Defendant Libby, predictably, argues that that there should be no release, disclosure, nor other public knowledge of these important letters filed for the purpose of mitigating his sentence. In a critical portion of his memorandum requesting secrecy, Defendant Libby states:
"Given the extraordinary media scrutiny here, if any case presents the possibility that these letters, once released, would be published on the internet and their authors discussed, even mocked, by bloggers, it is this case". (Libby Response to Court’s Order of May 17, 2007, page 5)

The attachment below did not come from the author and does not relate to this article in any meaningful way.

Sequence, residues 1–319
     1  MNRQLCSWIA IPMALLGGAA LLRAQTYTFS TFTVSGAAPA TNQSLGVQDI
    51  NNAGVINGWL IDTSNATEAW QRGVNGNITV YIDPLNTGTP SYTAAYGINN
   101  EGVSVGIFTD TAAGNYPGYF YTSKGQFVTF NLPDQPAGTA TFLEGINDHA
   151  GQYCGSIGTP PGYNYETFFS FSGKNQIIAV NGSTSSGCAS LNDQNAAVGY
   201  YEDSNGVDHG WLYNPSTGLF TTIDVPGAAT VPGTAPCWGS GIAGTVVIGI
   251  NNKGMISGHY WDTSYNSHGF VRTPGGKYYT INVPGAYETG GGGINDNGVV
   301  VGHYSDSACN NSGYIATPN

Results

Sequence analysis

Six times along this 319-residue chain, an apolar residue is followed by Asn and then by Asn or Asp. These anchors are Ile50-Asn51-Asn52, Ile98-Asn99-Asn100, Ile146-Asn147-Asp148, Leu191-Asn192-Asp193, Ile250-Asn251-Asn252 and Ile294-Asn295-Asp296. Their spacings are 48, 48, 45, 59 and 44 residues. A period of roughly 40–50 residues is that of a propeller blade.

As electronic journalists (bloggers) covering this case and it’s trial, along with numerous other fellow bloggers, both large and small, Amicus Petitioners object to Defendant Libby’s acerbic and scurrilous characterization of their honest, professional and insightful coverage, and argue there is a compelling public interest in the facts and circumstances surrounding this case and any sentence entered by the Court. This case involves obstruction and corruption of the government of the United States by its highest officials, and specifically, Defendant Libby. The public has a right to know, see, and discuss the efforts of it’s public officials, former public officials and publicly recognized power brokers to deny, minimize, mitigate and otherwise soft sell, and seek leniency for, Defendant Libby’s criminal conduct committed in the public’s offices and halls of Constitutional democracy.